The Ex-Catholic Journal 


Should I Pledge an Oath in Ignorance?    




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I took my first rash oath in 1961. Apparently, everything I really needed to know I didn't learn in Kindergarten. Every school day this five-year-old recited the Pledge of Allegiance. Okay, I didn't know what a pledge was. Nor did I understand the ramifications of allegiance. I didn't know what a Republic was (was I agreeing that I was a "Republican?"). What the heck is "indivisible" and was it the flag, nation or God that was "indivisible?" No, wait. God is invisible, so they must not be talking about Him. And that part about "Liberty and Justice for All" - was that a statement of fact, or a wish? The Voting Rights Act of 1965 was still four years away. [Click here to learn about the history of the Pledge.]

At approximately 9:30 A.M. on November 14th, 2015, a seismic shift occurred in my wariness of mandatory statements of faith and church covenants. Until that time, I had no problem with them. Then, a stink bomb went off, so to speak.

Three months ago I attended the first church service of Oakhurst Baptist Church (OBC). It is a "replant" of an existing church that had dwindled in attendance. I was considering becoming a member of the church. In order to sign up, I needed to attend a three-hour new member's class, sign a statement of faith and church covenant, be interviewed by an elder, and be accepted into membership by the congregation. So I took the first step and attended the new members class.

The first hour of the class was a crash course on systematic theology. One of the elders (an attorney by trade) was teaching on the church's statement of faith. I received a handout that stated the following:

As defined by our statement of faith, Oakhurst Baptist Church (OBC) is a Christian, Evangelical, Baptist and Congregational church. Our statement of faith is derived from the New Hampshire Confession...It is one of the most widely used Baptist statements of faith in America.

The leadership of OBC has modernized the language, removed articles regarding the sabbath and the harmony of law and gospel, consolidated two other articles into one, and added an article regarding marriage and the family.

Now I happened to have a copy of the New Hampshire Confession with me on my Amazon Fire tablet. As they went section by section through the Statement of Faith I noticed where they had "modernized the language" and where they had made the other changes that they listed. But at about 9:30 when they got to the section on Baptism, I was shocked to discover a hidden, unreported adjustment that was made to the New Hampshire Confession. Below is the New Hampshire Confession's teaching on Baptism:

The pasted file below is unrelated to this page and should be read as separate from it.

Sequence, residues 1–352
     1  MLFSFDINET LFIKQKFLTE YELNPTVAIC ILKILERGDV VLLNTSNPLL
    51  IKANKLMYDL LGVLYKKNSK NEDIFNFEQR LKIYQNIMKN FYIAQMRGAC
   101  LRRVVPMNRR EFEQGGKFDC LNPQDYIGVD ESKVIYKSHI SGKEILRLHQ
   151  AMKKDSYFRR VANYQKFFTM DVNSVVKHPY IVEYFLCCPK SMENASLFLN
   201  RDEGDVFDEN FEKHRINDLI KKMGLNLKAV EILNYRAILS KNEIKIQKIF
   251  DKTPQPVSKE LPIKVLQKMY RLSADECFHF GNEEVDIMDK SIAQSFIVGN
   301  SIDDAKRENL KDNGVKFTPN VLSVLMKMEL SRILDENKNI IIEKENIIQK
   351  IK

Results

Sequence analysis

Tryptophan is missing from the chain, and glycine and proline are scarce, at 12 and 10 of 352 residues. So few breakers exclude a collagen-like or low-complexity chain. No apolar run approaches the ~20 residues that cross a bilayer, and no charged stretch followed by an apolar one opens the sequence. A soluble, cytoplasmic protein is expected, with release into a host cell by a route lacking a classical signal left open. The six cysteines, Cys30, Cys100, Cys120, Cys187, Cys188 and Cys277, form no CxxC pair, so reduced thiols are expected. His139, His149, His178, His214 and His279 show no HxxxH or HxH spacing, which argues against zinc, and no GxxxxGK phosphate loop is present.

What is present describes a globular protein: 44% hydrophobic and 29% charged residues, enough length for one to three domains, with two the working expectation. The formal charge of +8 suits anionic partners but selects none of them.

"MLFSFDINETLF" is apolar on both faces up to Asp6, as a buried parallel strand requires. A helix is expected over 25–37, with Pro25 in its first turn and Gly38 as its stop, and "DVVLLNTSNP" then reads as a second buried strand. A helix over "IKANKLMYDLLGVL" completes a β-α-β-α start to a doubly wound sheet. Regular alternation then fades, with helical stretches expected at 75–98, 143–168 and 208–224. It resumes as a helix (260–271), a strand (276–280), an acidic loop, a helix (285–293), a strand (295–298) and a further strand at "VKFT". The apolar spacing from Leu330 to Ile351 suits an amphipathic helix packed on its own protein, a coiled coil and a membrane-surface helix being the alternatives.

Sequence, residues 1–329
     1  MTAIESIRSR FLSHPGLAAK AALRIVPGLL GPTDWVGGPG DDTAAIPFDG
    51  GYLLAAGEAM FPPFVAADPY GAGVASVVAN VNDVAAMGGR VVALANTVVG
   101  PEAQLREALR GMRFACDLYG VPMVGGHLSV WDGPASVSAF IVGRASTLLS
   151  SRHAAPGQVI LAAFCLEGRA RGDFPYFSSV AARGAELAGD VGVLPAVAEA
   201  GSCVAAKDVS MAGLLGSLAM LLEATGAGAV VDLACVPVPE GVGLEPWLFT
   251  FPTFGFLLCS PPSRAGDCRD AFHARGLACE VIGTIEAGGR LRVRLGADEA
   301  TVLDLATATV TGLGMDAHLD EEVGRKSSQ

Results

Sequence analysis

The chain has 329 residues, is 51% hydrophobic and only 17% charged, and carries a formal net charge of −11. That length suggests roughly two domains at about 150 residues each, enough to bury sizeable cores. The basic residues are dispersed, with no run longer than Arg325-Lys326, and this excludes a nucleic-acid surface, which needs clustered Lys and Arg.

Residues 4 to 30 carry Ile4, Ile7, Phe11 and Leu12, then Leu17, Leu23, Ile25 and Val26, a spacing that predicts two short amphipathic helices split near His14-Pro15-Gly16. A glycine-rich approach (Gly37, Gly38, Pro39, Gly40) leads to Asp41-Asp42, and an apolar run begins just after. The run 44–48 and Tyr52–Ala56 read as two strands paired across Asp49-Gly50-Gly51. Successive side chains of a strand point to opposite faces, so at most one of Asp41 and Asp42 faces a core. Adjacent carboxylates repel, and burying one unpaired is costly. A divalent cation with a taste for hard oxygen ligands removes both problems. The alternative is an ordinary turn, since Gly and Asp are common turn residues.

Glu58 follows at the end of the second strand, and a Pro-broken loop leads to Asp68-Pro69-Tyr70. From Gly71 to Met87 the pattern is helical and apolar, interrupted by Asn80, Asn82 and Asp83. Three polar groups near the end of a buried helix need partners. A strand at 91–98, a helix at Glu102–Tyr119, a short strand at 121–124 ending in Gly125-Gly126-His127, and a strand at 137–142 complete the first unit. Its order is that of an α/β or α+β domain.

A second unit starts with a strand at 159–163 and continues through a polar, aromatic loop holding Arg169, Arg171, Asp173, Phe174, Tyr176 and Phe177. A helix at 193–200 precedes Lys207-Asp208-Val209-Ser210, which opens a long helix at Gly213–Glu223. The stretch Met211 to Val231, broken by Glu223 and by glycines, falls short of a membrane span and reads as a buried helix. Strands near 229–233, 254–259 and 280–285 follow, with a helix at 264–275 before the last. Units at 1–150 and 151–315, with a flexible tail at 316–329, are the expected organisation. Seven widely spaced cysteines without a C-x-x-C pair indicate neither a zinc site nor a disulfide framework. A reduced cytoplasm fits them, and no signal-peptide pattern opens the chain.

We believe that the Christian baptism is the immersion in water of a believer, into the name of the Father, and Son, and Holy Ghost; to show forth in a solemn and beautiful emblem, our faith in the crucified, buried and risen Saviour, with its effect, in our death to sin and resurrection to a new life; that it is prerequisite to the privileges of a church relation, and to the Lord's Supper;

What did I notice that concerned me? THEY REMOVED THE LAST PORTION. They cut out the mention of believer's baptism as "prerequisite to the privilege of a church relation, and to the Lord's Supper." To begin with, this caused me to question the integrity of the leadership. This is no minor "updating of language." This impacts who is and who is not allowed to celebrate the new covenant meal at their church. Why did they feel called to remove this article from the New Hampshire Confession?

Excommunicating the Baptist Visitors

Perhaps some personal background is in order. The first church that I attended after receiving Christ was an independent Baptist Church. Five weeks after my being born again, I was baptized by immersion. But the first church to which I formally became a member was Christ Covenant, a church in the Presbyterian Church in America (PCA). During the mandatory membership classes, I asked a question concerning baptism: "My children were baptized as infants into Roman Catholicism. Should they be baptized again after being born again?" I was told that Catholic baptism was sufficient. No need for another baptism when and if my sons come to believe. Donald Fortson is a professor at Reformed Theological Seminary and was a member with me at Christ Covenant. He has written an article in which he chastises those who would rebaptize. He states "One of the most divisive evangelical practices is "rebaptism." ( Link to article).

When I attended the first celebration of the Lord's Supper at OBC I was told not to participate. The pastor informed the congregation that any member of an evangelical church in good standing was welcome. But those who were not currently members of a church should not partake. So, it makes sense that OBC would excise the section of the New Hampshire Confession that makes believer's baptism the prerequisite for participation. Otherwise it would make Presbyterians and others who have not been "properly baptized" unwelcome. Are you a member of an evangelical church who is a former Roman Catholic who was baptized by a priest, having parents who were unbelievers? Come participate in the Lord's Supper! Are you a fellow Baptist who is between churches? Stay away! 

Must I believe both "X" and "not-X" at the same time?

OBC is part of the Southern Baptist Convention, and affirms the Baptist Faith and Message 2000. So, as a new member of OBC, I am affirming both their amended New Hampshire Confession and the Baptist Faith and Message 2000. BUT THE BAPTIST FAITH AND MESSAGE MAKES BELIEVER'S BAPTISM A PREREQUISITE FOR THE LORD'S SUPPER! You don't have to take a logic course to see the problem here. In order to become a member of OBC I must hold that believer's baptism is both necessary and unnecessary in regards to Christian fellowship at the Lord's table. During the new member class I questioned the lead pastor about these things. He told me that I was asking a question that was inappropriate for the class, since we were covering theology and this was not a theological issue.